Abstract: Self-regulation, self-assessment and feedback are becoming watchwords in professional education. As the expectations for professional accountability have increased, efforts have been made to provide timely feedback to practitioners about their practice. One widely used approach to gathering feedback is through multisource feedback. The underlying assumption is that providing professionals with feedback regularly will enable them to identify potential opportunities for practice improvement, which they will be able to incorporate into their practice. At all levels of education, feedback is a powerful and essential aspect of effective learning.
Self-regulation is an expectation of the practicing professional. An essential aspect of self-regulation is self-assessment. Yet consistent evidence across many fields shows that we are poor at accurately assessing our own performance. One approach to enhancing the accuracy of self-assessment is to ensure that it is ‘informed’ by feedback sources in addition to one’s own perceptions.

In this seminar, I will describe how our team of investigators began with the question of ‘how do practicing physicians respond to participating in a multisource feedback process, and how useful is the feedback in helping them to make practice improvements? ‘.To our surprise, although feedback was generally desired, it was not always well accepted and therefore, not useful to the practitioner. Further exploration uncovered the critical influence of the individual’s own self- assessment, and whether or not it was congruent with the feedback received.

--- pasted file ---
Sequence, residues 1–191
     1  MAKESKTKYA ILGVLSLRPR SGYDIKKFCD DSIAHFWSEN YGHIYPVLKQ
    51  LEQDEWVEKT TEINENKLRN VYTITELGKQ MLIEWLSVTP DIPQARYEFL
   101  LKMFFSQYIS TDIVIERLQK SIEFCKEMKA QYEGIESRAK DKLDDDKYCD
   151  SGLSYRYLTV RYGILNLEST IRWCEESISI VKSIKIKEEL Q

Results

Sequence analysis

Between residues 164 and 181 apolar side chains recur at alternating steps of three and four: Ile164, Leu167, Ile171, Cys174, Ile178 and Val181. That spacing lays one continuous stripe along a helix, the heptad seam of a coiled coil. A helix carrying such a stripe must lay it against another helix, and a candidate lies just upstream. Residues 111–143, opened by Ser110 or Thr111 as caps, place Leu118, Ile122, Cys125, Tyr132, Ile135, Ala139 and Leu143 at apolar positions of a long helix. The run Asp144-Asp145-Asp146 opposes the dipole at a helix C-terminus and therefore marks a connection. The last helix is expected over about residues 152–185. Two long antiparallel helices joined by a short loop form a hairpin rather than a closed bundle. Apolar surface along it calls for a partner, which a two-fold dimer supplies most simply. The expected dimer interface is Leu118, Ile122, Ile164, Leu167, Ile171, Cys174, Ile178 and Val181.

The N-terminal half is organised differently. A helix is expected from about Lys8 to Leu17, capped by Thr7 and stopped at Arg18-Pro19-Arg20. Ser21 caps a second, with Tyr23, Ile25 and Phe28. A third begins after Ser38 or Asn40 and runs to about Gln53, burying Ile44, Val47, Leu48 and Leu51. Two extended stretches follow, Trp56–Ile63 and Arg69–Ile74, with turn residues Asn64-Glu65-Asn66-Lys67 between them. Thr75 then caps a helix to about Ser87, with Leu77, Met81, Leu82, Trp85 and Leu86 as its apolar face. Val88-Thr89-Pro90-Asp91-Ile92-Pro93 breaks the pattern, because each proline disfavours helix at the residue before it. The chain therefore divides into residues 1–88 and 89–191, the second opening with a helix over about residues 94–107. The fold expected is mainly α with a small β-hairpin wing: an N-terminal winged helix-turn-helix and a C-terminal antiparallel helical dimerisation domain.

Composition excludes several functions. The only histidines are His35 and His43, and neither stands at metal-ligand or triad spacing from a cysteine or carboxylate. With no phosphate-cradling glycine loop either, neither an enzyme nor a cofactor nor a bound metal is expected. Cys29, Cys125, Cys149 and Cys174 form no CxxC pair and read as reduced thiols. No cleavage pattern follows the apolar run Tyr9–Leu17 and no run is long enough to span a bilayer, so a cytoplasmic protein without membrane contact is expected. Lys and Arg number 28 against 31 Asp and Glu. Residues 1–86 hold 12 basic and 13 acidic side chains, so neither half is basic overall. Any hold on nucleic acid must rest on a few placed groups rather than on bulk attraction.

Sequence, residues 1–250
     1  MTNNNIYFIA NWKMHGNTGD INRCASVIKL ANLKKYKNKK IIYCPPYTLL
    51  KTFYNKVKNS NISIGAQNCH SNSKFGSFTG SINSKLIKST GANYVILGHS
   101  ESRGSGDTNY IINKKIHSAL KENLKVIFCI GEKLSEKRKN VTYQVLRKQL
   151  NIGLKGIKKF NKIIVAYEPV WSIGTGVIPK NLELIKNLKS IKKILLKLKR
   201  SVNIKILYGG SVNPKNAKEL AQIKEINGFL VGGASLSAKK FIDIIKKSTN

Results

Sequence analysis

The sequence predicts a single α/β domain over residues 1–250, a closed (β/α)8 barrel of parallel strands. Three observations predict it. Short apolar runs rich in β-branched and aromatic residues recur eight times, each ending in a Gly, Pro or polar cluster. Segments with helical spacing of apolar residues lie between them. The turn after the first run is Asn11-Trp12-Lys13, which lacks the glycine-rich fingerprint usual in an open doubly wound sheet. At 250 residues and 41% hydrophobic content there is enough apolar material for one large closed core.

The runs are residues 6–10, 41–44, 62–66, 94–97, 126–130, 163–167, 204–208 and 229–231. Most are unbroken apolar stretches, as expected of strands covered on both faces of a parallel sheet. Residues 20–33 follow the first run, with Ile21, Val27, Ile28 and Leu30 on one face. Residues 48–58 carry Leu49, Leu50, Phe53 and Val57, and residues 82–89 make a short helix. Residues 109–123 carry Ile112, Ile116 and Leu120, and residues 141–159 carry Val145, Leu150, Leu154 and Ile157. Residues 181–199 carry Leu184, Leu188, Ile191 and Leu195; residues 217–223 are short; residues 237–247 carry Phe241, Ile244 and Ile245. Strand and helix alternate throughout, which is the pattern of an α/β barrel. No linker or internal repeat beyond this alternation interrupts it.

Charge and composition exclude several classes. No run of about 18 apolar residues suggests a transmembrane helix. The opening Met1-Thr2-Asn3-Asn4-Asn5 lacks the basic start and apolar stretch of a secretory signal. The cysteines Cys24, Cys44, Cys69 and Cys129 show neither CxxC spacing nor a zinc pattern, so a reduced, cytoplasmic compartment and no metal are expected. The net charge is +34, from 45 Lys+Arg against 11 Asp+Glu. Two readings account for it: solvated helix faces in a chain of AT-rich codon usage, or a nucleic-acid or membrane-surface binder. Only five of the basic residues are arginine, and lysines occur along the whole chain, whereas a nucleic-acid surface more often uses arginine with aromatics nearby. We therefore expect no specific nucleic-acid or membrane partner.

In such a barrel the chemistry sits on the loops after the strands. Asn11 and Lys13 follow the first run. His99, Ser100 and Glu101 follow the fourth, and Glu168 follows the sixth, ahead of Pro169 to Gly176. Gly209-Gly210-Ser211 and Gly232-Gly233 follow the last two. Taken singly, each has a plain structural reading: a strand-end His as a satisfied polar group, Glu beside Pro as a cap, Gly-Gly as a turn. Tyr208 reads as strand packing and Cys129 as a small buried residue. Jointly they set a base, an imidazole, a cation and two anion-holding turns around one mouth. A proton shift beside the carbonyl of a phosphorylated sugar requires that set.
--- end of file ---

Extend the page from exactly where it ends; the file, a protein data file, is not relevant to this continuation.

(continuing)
This finding led us to embark on a study of ‘informed self-assessment, to understand how learners at all stages of medical education informed their self-assessment, to answer the question’ how am I doing?. A study conducted in 5 countries enabled us to develop a model of informed self- assessment and to understand some of the complex factors, interactions and tensions that affected the acceptance and use of feedback. We also conducted a study of residents and faculty members’ views of seeking and receiving feedback, and the enablers and challenges in that process.

Our earlier work on MSF had revealed that even challenging feedback could be useful, if the practitioner was assisted to reflect on the feedback. This finding led to the development of a model for facilitated reflection, which we are currently testing. The seminar will highlight the research questions along the way, the findings we have to date, as well as the questions which remain to be addressed.

Biography: Dr. Mann is Professor Emeritus in the Division of Medical Education, Dalhousie University where she was founding Director (1995-2006), and Professor of Medical Education at Manchester Medical School, UK. She is involved in teaching, supervision, research and development and writing across the medical education continuum, and in higher education degree programs for health professions faculty. Dr. Mann is co-editor of a medical education textbook: Medical Education: Theory and Practice (2010). She has published widely in the medical education literature .Current research interests include self-assessment and feedback, reflection, and faculty development. She has She serves on several editorial boards, including Academic Medicine, Medical Education, the Journal of Continuing Education in the Health Professions, and the Canadian Journal of Medical Education.

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